Many small fish which look like dark carp are in the lake
There are lots of these 'old' watches for sale. Buyer beware. They say they came from prisoners of war. We don't think so. Good fakes
The very humble entrance to our hotel, which was modern and quite luxurious once you entered the foyer
Early evening, people come out to eat. And, yes, the Western fast food restaurants seem very popular
Crossing this was hell. You wait for a gap in the traffic like this and dash, dodging cars, bikes and other pedestrians. pedestrian crossing lines are a decoration
We begin our Street food tour with Ling
The menu on the wall. 1495 Vietnamese Dong will buy one Rand. There are about 22300 Dong to the US dollar. In practice prices are quoted verbally without the 000
First dish: grilled meatballs, pork, noodles, bamboo shoots and herbs and lettuce. Good flavours, like the addition of the herbs. Not at all hot. You add your own chilli sauce. We didn't get any of the names
Madam making the food
A street barbecue
The outside of the restaurant
Another, not on our itinerary. Everyone intent on eating supper
It rained a bit, but not enough to put up the brolly
Next restaurant
A small menu
Rice pancakes stuffed with mushrooms and topped with crisp shallots and shredded meat. You dip them in the sauce and eat with the herbs. We have to confess that we were not sold on this dish. John because of the mushrooms, Lynne because of the rather slimy texture of the pancakes. But we soldiered on
Our guide Ling Tran. She has her own Facebook page should you wish to book her: Lillian Tran. The tour took about an hour and a half; we went to five places and the food was all included in the price which was US $30 each. She was a great guide, with good English and humour and she responded well to our requests. Two portions of food were offered at each place, after the first two, we asked for only one to share. They seem to eat a lot of food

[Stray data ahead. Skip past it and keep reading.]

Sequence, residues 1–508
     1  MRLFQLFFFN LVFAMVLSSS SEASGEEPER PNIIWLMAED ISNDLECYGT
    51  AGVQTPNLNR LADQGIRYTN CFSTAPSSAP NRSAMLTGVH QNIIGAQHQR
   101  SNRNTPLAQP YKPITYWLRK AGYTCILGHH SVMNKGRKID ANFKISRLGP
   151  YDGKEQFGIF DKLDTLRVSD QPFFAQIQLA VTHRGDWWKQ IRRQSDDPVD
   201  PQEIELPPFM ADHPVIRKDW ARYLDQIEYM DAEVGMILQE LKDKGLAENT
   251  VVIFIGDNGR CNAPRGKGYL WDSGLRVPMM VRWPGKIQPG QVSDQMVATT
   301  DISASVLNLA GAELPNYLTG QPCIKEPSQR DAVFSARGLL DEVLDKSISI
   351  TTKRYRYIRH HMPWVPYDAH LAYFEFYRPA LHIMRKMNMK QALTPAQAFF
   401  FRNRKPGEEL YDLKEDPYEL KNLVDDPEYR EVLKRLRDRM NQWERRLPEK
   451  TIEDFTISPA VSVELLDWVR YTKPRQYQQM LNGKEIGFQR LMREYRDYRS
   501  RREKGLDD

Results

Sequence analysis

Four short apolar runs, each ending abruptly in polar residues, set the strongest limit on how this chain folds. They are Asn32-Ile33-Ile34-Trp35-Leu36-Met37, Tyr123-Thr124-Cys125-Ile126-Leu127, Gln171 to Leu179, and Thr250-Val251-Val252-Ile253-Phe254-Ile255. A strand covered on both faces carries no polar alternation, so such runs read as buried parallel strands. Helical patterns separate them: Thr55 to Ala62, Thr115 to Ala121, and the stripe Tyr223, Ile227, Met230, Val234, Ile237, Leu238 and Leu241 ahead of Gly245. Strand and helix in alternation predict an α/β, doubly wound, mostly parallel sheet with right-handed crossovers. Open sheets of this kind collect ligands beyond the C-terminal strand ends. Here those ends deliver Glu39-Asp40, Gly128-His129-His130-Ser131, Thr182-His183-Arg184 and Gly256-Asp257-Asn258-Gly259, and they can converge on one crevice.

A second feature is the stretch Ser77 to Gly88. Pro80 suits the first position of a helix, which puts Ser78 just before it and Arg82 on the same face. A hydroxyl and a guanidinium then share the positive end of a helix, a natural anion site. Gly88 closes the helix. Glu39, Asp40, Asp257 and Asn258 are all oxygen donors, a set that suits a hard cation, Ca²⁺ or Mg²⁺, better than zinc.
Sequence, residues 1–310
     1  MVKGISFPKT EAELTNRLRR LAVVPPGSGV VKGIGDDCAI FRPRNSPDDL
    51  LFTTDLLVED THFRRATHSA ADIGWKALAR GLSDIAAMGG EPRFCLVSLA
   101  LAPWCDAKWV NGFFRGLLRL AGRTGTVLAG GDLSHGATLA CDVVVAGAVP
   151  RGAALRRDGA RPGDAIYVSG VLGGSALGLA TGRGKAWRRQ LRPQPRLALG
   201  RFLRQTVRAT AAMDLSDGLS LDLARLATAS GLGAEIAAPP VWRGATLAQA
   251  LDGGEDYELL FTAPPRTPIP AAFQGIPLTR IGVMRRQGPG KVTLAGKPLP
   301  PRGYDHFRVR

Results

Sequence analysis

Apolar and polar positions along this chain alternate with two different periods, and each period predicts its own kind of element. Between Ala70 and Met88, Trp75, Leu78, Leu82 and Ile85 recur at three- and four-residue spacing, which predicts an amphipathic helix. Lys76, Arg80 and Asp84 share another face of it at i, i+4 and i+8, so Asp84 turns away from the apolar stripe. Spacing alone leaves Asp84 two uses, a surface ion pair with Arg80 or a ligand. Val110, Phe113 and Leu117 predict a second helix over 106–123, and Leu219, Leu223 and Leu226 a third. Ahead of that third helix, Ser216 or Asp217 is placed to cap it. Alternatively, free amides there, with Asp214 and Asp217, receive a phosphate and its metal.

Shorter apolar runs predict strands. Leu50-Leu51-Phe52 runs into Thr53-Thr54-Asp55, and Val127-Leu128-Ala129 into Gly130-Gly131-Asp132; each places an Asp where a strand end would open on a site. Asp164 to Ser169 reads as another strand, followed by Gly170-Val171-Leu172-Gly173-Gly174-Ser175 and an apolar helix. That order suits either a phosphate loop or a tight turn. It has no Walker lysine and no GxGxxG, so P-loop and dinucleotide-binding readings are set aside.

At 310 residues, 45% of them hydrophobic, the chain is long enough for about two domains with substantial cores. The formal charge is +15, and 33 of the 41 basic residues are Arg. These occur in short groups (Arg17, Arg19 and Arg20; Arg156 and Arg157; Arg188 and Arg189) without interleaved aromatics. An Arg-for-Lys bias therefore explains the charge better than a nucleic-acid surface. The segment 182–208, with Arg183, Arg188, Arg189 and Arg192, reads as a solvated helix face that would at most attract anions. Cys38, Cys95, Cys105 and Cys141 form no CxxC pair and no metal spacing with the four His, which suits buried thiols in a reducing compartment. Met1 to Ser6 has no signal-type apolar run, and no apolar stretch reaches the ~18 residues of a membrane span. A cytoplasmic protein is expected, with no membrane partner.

Madam steaming the pancakes. It is an incredible art making them and she does hundreds an evening
They seem to be stretched over the top of the pan on the right then steamed
A view through a domestic kitchen window. Living spaces are cramped
Sitting on the street waiting for the next" course"
A speciality. A crisp roll stuffed with paté and vegetables. An echo of the French occupation. A Vietnamese “bunny chow”? Served with a fruit tea
Ling with the owner’s cute little girl
She wanted to know everything
A make-up shop
It's a very lively, 'happening' city and the street life goes on till all hours
Off to our final restaurant
For some fresh fruit
A very stately cat, beloved by its owner, a porcelain seller
The iceman cometh
Cell phones are an extension of everyone's hands. We were offered the famous Egg coffee but we declined. It is coffee and condensed milk into which a raw egg is whipped. We were told it tastes just like crème brulée and most tourists love it. We don't like sweet or milky coffee, it was late and coffee keeps us awake
Mangosteens and rambutans (hairy litchi). We didn't get any to eat on the trip or any longan. A pity, as they are very delicious. All the pineapple we had was so sweet and succulent
© John & Lynne Ford, Adamastor & Bacchus 2016
Subscribe to MENU
Post a Comment